Saturday, March 31, 2012

Ecumenical Patriarch Bartholomew Remembers Elder Paisios


By Ecumenical Patriarch Bartholomew

According to Orthodox practice, we cannot come to know our deeper passions or console the inner heart without the presence of another person. A spiritual guide, an elder or confessor, is mandatory for the nurturing of the virtues and the development of the soul. There is simply no other way. The elder can take your soul into his soul and lighten the burden that you carry. We all need such an advisor, a confessor, before whom we can share our inner thoughts and reveal our deepest concerns. For spiritual direction is not some oriental status or eccentric luxury. While people sometimes identify the spiritual director with the role of a "guru", it is not exactly the same, because the spiritual elder is part of a larger tradition and community in the Church. In the Orthodox Church, spiritual direction is a fundamental necessity for spiritual balance and health. It is required not only of lay aspirants to the treasures of the heart but of every person - male and female, young and old, lay and ordained, deacon and priest and bishop alike. This means that while the monks and the abbots of the Holy Mountain sought to hear a word of advice from me, I, too, was and am - like every Orthodox priest and bishop - obliged to turn to seek a word of comfort from a spiritual father.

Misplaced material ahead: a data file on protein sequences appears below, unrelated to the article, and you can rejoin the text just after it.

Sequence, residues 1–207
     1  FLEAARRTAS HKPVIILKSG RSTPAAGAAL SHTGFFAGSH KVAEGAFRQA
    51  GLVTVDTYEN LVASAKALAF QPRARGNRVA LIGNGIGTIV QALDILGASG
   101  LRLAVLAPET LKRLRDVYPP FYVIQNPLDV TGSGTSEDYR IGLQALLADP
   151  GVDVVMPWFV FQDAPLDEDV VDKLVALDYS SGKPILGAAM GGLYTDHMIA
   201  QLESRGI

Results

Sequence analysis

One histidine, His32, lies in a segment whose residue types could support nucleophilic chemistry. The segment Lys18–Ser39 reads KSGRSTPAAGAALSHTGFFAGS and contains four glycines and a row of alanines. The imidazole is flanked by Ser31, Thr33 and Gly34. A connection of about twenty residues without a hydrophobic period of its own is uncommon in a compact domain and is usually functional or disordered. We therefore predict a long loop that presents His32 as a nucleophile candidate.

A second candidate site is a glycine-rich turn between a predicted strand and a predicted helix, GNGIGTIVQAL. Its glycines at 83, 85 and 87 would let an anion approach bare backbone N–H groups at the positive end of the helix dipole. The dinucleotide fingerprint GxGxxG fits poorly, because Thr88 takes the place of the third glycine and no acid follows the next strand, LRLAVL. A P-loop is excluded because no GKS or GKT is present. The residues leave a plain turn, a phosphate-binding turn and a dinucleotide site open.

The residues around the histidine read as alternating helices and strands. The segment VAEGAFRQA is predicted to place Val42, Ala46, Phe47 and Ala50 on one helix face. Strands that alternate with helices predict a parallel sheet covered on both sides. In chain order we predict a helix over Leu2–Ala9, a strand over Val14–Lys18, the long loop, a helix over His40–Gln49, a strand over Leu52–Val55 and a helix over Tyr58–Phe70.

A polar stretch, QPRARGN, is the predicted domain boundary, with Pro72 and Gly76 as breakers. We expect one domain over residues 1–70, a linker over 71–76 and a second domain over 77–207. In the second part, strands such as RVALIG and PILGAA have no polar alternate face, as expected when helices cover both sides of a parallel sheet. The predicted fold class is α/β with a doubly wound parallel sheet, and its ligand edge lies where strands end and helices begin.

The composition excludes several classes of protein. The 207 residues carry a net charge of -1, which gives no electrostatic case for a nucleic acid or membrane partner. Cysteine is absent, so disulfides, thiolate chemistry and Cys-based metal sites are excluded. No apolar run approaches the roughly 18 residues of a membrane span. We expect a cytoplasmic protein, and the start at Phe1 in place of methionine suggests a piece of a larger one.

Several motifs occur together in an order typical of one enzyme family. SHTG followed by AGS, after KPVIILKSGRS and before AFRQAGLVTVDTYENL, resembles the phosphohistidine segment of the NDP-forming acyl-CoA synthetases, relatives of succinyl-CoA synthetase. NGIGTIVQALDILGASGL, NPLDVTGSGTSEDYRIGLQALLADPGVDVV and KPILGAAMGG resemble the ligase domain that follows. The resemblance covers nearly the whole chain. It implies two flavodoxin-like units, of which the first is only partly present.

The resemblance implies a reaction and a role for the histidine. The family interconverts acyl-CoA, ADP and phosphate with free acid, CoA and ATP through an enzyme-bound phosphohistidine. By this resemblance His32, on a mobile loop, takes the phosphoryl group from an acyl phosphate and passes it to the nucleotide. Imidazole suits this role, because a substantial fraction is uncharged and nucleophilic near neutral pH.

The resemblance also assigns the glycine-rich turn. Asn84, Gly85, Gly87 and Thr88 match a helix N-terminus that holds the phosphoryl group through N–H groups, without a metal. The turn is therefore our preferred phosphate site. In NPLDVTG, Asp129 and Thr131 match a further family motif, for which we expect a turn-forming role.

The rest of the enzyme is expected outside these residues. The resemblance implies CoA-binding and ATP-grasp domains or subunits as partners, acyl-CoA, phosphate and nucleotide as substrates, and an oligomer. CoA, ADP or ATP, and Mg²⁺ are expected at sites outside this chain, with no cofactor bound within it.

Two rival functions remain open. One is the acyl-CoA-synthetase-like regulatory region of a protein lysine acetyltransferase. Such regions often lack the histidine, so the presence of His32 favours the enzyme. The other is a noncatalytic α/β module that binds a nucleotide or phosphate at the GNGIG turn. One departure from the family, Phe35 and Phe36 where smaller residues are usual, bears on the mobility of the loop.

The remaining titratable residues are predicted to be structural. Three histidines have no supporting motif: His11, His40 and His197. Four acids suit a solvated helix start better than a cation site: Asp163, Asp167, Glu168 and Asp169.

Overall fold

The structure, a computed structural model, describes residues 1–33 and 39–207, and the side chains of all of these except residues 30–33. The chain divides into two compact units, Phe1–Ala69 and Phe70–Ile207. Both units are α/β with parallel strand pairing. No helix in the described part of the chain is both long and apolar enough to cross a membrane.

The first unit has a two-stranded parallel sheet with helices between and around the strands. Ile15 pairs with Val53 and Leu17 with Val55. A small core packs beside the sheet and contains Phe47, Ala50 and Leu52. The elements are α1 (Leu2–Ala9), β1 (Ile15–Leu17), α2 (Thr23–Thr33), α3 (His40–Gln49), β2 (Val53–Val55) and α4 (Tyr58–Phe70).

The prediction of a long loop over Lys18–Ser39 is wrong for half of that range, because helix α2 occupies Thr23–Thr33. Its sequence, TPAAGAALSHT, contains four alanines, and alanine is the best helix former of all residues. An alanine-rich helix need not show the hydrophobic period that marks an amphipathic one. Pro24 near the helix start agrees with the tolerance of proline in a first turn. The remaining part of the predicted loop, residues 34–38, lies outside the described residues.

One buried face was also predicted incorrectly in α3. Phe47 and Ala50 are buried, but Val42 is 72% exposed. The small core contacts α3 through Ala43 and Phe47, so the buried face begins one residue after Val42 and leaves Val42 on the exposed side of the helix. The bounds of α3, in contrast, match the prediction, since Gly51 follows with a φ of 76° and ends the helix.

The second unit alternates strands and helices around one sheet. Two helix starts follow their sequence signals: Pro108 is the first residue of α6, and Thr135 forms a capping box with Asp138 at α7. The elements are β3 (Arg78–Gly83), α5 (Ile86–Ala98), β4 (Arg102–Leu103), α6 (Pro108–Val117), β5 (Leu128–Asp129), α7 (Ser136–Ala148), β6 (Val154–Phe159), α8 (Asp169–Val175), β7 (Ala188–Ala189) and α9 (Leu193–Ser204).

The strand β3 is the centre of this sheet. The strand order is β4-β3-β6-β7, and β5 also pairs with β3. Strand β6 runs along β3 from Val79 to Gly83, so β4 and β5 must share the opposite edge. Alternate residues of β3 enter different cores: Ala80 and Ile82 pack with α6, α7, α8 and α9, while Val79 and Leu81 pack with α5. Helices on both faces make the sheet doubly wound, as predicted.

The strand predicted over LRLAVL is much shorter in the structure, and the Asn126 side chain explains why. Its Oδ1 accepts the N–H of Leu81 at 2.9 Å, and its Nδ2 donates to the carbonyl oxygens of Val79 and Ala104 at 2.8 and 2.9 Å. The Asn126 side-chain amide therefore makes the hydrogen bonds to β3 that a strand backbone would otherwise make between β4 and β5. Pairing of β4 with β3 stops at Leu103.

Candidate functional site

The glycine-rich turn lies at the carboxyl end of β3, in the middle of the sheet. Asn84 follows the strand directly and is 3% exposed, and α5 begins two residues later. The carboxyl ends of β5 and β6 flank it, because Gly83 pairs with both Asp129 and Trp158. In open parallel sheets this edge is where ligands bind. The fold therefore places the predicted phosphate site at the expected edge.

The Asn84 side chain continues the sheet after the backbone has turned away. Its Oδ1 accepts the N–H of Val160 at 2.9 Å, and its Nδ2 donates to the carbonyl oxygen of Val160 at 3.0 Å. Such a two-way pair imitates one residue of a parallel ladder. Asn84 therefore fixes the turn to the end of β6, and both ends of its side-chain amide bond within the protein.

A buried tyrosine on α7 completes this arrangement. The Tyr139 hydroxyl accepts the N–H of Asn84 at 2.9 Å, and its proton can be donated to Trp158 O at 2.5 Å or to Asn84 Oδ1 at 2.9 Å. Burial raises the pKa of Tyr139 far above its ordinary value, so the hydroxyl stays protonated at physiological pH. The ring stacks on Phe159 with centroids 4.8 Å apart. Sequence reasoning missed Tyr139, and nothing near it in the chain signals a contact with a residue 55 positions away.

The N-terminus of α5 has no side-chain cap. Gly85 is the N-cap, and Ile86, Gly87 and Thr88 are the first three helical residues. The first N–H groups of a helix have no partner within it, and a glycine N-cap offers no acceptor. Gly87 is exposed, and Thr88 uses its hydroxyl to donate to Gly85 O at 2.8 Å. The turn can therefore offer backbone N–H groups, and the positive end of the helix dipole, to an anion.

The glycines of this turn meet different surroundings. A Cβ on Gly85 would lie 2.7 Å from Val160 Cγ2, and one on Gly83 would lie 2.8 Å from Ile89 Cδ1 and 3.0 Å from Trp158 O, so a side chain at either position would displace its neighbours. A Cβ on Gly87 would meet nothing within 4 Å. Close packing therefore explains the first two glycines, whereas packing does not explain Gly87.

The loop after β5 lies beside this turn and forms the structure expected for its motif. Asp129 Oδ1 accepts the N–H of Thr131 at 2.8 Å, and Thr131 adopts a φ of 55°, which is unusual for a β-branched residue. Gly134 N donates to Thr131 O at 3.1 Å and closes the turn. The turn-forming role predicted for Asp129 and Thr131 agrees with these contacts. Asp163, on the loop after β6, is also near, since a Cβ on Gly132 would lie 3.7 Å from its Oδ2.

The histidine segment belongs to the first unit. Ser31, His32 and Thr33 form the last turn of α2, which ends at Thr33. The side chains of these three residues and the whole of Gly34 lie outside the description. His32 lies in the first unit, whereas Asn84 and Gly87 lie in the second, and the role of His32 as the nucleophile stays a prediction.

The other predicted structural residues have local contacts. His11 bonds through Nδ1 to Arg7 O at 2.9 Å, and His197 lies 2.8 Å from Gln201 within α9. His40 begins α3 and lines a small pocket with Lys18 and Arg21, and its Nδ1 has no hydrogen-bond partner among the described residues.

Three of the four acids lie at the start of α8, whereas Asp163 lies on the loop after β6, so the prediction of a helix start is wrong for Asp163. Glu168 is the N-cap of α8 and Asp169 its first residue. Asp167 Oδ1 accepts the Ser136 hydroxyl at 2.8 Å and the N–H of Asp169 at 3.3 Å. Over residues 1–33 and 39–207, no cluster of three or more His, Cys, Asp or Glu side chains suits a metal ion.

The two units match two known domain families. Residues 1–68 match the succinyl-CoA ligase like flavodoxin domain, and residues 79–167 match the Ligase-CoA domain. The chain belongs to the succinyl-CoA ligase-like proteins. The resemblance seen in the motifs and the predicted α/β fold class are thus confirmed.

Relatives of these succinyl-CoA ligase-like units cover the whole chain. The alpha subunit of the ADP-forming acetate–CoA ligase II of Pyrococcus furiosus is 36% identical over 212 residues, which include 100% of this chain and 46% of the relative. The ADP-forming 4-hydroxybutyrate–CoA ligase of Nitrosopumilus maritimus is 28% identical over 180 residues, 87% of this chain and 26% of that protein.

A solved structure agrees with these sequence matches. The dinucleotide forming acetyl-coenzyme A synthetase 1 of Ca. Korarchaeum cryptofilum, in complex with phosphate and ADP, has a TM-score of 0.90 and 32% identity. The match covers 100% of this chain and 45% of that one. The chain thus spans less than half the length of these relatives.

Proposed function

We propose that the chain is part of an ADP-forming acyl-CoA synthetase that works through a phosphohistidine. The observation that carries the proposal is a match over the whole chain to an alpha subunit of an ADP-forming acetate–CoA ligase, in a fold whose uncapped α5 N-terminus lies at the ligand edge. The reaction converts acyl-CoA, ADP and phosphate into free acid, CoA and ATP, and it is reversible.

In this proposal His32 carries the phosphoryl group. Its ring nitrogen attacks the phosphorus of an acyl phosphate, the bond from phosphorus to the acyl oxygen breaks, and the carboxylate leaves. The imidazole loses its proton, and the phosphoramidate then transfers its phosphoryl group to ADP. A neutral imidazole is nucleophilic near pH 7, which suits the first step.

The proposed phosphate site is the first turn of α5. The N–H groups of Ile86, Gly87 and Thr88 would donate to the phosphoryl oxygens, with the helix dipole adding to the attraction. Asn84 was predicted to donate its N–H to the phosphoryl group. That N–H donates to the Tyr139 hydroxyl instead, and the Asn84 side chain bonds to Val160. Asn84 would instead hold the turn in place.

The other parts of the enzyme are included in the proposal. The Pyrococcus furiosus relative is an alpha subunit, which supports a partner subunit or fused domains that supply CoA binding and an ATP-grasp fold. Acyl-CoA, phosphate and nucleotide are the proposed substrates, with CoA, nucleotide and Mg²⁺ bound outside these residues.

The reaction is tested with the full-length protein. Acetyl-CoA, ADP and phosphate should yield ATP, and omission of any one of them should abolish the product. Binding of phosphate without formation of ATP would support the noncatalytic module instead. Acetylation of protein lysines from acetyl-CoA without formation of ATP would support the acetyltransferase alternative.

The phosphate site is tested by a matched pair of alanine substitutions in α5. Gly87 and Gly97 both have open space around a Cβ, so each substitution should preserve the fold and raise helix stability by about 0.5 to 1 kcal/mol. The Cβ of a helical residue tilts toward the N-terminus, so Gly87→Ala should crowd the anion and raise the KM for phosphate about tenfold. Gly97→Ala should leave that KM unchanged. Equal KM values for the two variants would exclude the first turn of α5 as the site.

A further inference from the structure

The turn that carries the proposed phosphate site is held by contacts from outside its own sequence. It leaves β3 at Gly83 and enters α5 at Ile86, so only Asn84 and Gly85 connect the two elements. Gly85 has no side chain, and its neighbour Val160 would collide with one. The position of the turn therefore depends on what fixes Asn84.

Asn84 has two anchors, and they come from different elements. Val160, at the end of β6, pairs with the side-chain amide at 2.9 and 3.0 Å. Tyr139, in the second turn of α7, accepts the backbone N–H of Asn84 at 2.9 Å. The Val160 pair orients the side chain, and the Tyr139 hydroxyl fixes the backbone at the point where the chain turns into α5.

One of the elders was Father Paisios (1924-1994), a simple yet profound monk. Born of pious parents in Cappadocia of Asia Minor, Father Paisios was one of those responsible for the rebirth of monasticism on Mount Athos, which was clearly waning - perhaps not spiritually, but certainly from the standpoint of physical resources and monastic population - when we celebrated its millennial anniversary in 1963. After a period of retreat on Mount Sinai, Father Paisios returned to the Holy Mountain, from where he directed numerous souls throughout the world. He would visit my predecessor, Patriarch Demetrios, when I served as his personal secretary; I was most impressed by his silence.

Anyone blessed to know a living saint knows the unique sense of stillness that characterizes such a person; a saint appears to live at once in this world and in the age to come. What was most surprising about Father Paisios was that he was utterly human, filled with spontaneity and far from any pretense. God's light seemed to shine through the veil of his soul in a splendor, which made his visitor feel totally at ease and warmly welcomed. Later, I recall visiting him in his cell, just as so many others have done over the years. He would offer spiritual counsel as he shared an apple or an orange that he had peeled. He was a genuine missionary and professor of the desert. An unordained monk hearing the inner life of an Ecumenical Patriarch! And he did so without the least self-consciousness. Spontaneity and sincerity are, sometimes, the humble context within which the Church functions most authentically.

From Encountering the Mystery: Understanding Orthodox Christianity Today By Bartholomew I (Ecumenical Patriarch of Constantinople), pp. 64-66.

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